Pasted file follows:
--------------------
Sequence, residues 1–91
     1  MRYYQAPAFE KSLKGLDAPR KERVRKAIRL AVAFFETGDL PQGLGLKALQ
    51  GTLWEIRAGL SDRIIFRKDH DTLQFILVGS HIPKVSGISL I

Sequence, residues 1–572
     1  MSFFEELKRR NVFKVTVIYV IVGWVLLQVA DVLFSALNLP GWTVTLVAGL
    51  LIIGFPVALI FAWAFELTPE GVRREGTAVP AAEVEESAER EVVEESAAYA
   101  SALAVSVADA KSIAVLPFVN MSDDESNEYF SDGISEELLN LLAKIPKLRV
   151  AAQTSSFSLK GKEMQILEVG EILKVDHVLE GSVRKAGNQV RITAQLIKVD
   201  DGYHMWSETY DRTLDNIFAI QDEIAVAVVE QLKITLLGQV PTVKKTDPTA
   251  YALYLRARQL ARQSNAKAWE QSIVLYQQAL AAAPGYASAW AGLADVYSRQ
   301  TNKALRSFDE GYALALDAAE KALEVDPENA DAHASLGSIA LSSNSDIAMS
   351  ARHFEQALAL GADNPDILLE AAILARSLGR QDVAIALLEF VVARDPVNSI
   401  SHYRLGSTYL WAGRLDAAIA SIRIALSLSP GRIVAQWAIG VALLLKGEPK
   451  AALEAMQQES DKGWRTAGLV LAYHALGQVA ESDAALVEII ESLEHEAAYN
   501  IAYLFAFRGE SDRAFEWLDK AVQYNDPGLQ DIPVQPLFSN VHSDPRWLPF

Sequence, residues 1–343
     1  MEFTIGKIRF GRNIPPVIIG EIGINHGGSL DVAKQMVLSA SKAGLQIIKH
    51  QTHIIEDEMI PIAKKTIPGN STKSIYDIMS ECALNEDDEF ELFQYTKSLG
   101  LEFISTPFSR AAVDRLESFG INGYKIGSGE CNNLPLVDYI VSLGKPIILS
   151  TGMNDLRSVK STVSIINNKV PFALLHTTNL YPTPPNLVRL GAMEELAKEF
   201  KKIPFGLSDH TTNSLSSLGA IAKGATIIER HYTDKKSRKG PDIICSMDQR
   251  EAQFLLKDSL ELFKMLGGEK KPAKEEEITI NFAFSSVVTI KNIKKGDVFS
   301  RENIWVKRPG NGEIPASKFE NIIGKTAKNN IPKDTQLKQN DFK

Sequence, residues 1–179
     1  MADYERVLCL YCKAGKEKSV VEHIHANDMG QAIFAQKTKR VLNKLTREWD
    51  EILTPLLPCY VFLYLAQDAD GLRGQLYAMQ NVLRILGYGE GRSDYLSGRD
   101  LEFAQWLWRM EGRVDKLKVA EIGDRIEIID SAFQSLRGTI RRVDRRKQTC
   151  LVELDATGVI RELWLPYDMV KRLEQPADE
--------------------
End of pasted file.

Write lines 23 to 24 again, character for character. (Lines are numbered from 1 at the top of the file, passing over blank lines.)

   301  RENIWVKRPG NGEIPASKFE NIIGKTAKNN IPKDTQLKQN DFK

Sequence, residues 1–179